Friday, 5 April 2013

Researching my novels, questions I am asked...

Hey guys;

It has been an interesting couple of days, and since I posted my recent first Q & A session with a local Hack, I have been asked a few questions about how I go about researching my work.

I have to say, that the emergence of data on the internet has been a phenomenal bonus, and is a godsend for Historical research.

However, I am also a Genealogist, and have taken my own, plus friends' family trees back to the 1400's.

The Genealogy resources are a real asset for Historical Fiction.

I am writing about 1850s Leicester, England.

The biggest asset here is the 1841 and 1851 UK Census records, which give you names, addresses, occupations, ages, places of birth, and more.

These Census records continue right through to 1911 and will be my constant companion in each yearly move in my novel timeline.

Also, Historical Registers. There are many documented Registers that detail Pubs; Licensees; shops and their owners; Newspapers, etc. You want to know who was who and what was what at a particular time and place, and these books will tell you.

University catalogues are also full of similar social and economic data.

Recently, 'The British Newspaper Archive' has become available, and for a few pounds, you can view and download papers from your own Town or City, and London, for example. My next major novel is set around Political disquiet in 1854/5 at the time of The Crimean War.

I have downloaded Leicester's papers and 'The Times' of London, for November and December 1854, and I have ready access to what was happening as it was reported, and this is a massive boost to getting fact right!

What is startling to me, when I conduct this research, is that we do not learn, Humans, that is!

Reading the background to the disquiet about the Crimea, I discovered that there was a lot of anti-government sentiment about how the Army had been treated in the first Afghan wars.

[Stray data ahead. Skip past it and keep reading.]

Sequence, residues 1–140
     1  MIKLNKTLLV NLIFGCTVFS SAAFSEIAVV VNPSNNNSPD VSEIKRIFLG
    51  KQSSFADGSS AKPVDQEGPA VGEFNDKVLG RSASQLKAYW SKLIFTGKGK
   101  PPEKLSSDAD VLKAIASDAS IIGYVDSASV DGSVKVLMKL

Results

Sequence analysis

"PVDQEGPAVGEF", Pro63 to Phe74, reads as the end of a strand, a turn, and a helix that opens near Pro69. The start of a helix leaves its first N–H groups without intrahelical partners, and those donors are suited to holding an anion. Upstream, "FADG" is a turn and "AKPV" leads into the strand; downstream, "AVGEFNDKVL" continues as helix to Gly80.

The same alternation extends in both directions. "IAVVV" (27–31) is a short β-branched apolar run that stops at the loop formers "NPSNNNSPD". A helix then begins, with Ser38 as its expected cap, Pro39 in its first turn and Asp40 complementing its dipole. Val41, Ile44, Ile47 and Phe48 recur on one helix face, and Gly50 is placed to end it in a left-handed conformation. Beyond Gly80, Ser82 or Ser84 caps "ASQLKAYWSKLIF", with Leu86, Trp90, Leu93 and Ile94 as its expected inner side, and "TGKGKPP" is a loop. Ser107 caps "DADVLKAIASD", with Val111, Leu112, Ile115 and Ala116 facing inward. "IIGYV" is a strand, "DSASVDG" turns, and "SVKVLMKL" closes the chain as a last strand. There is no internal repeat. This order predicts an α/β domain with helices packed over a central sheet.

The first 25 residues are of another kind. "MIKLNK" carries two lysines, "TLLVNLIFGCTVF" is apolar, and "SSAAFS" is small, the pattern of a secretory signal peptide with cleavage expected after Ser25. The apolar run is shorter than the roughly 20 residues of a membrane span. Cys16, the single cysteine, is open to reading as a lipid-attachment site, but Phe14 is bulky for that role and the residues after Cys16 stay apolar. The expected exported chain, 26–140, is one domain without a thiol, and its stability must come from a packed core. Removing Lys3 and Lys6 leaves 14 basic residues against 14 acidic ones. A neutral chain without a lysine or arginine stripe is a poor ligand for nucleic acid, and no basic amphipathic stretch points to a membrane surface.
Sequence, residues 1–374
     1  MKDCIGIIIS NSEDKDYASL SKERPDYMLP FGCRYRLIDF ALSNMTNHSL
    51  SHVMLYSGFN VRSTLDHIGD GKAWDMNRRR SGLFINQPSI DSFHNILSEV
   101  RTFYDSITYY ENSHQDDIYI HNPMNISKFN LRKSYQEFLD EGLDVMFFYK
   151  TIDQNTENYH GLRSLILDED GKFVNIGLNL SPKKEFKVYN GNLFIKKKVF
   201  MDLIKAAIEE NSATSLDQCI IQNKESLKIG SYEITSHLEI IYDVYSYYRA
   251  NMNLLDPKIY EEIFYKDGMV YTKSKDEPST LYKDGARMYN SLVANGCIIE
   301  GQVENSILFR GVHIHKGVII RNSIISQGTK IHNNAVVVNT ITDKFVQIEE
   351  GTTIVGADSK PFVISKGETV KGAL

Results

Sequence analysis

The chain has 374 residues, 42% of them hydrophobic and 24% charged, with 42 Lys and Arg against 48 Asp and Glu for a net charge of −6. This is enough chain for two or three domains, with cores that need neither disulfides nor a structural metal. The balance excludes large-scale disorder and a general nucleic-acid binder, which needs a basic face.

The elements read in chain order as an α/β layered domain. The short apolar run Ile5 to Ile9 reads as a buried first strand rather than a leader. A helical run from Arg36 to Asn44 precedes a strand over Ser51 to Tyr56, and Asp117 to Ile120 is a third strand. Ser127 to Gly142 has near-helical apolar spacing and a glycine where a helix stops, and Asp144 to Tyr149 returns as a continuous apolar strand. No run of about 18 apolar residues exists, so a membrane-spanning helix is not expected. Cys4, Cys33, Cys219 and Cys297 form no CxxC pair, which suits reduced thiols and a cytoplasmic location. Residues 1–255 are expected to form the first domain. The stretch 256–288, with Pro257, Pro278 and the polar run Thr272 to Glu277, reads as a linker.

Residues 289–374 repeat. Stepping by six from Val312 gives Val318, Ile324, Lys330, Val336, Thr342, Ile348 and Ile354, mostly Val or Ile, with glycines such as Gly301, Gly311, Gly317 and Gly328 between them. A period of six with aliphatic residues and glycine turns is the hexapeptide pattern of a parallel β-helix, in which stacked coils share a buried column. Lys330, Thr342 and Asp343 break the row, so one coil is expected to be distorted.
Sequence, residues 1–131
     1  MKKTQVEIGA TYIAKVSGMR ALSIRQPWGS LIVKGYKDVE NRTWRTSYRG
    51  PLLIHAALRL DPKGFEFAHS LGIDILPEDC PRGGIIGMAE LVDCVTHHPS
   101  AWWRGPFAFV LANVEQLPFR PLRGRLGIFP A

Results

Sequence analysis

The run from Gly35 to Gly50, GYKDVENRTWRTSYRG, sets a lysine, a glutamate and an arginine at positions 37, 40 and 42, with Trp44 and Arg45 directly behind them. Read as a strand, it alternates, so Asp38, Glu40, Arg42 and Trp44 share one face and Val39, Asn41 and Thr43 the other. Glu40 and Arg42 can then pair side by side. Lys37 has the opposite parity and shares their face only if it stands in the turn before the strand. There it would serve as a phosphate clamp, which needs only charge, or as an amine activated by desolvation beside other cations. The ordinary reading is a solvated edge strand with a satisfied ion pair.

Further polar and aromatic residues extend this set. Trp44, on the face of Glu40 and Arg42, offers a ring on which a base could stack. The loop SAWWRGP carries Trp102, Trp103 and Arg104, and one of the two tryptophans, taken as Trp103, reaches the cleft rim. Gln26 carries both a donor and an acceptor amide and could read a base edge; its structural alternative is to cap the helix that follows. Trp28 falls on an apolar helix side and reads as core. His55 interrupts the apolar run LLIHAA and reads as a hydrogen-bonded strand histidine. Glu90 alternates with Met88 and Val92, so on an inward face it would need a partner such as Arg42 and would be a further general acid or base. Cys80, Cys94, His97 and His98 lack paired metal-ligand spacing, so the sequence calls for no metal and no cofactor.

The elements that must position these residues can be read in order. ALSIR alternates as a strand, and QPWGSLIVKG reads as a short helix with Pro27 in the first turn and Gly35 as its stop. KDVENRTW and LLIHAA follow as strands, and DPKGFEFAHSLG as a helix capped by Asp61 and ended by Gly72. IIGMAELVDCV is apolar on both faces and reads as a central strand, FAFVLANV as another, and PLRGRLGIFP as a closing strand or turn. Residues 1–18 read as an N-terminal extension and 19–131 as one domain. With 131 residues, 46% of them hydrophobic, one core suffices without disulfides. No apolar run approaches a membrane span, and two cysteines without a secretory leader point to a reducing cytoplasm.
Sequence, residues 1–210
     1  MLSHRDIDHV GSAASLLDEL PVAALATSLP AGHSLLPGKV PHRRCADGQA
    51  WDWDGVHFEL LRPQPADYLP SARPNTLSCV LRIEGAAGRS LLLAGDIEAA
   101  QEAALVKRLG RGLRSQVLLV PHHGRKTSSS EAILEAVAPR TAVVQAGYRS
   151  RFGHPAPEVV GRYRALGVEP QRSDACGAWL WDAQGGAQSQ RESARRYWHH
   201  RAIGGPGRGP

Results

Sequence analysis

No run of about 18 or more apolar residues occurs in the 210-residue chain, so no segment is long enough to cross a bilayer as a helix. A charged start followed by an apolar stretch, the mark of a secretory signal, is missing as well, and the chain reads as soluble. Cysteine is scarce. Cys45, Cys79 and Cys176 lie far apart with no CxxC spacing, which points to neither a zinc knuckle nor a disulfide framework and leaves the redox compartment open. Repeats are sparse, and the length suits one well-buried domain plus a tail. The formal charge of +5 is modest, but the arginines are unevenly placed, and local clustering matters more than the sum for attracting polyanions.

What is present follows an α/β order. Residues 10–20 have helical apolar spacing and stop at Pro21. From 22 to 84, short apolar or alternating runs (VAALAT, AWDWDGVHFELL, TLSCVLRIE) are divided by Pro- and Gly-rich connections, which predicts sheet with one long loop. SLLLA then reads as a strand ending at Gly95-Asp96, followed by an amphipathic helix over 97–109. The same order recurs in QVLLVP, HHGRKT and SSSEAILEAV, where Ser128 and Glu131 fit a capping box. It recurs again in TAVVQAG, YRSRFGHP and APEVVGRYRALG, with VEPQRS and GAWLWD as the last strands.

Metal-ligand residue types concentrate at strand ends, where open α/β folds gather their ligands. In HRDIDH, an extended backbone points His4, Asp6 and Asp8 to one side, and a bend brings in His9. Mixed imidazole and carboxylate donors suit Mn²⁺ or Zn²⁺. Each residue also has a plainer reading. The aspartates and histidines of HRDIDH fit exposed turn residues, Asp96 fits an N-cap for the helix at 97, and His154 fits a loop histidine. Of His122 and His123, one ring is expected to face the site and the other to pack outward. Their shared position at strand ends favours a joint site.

In the Crimea, the Army was under-staffed, under-equipped or at least ill-equipped, nobody saw a real motive for war in the Crimea, and the Government was seen as weak and manipulated for going to war in the first place.

Sound familiar?

4 comments:

  1. Hello Phil! [cheery wave]
    Good post. Thank you for sharing.
    As a historian, methinks you would like to join this Yahoo group.
    http://groups.yahoo.com/group/Explorator/
    You cannot post to it and the owner only sends out one email a week, usually on a Sunday.
    Each email contains dozens of links to historical news articles from around the world. I always find something interesting to add to my notes.
    Cheers!

    ReplyDelete
    Replies
    1. Hi Anthony;

      Thanks for the comment. I shall have a look at your group with interest. Thanks for the positive comments re my post. Good Luck!

      Phil

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  2. Thanks for these insights, Phil!

    Like you, I have a background in genealogy. So, I'm always interested in how others use vital records, and so on.

    This is very helpful.

    Also, thank you to Anthony for recommending that Yahoo group.

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    Replies
    1. Hi Eibhlin;

      It's always nice to speak with other authors who have a Genealogy interest. I had not considered how much the same resources, could provide me, as research data for my Historical novels. The good news is, they are a goldmine. Names, places, weird occupations, family ties, brilliant stuff!

      Also, where I have used the data to add truth and reality to my real characters, their census records and VRI data has proven interesting and amusing. For example, Robert Charters, who was the 'Head Constable' of Leicester Borough Police, is shown is most records as from Northamptonshire. However, census research showed him to be from Northumberland, and gave me the clues for his strong 'Geordie' accent, as would have been.

      Amusingly, I had an article published last year about 'Black Tommy' Haynes, who was one of Leicesters first detectives. He had been described by an erroneous census transcribed as a 'super-animated' Police Inspector, when the record actually said 'Super-annuated'- which gave me a laugh!

      Nice to combine both interests!

      Good luck with yours too!

      Phil

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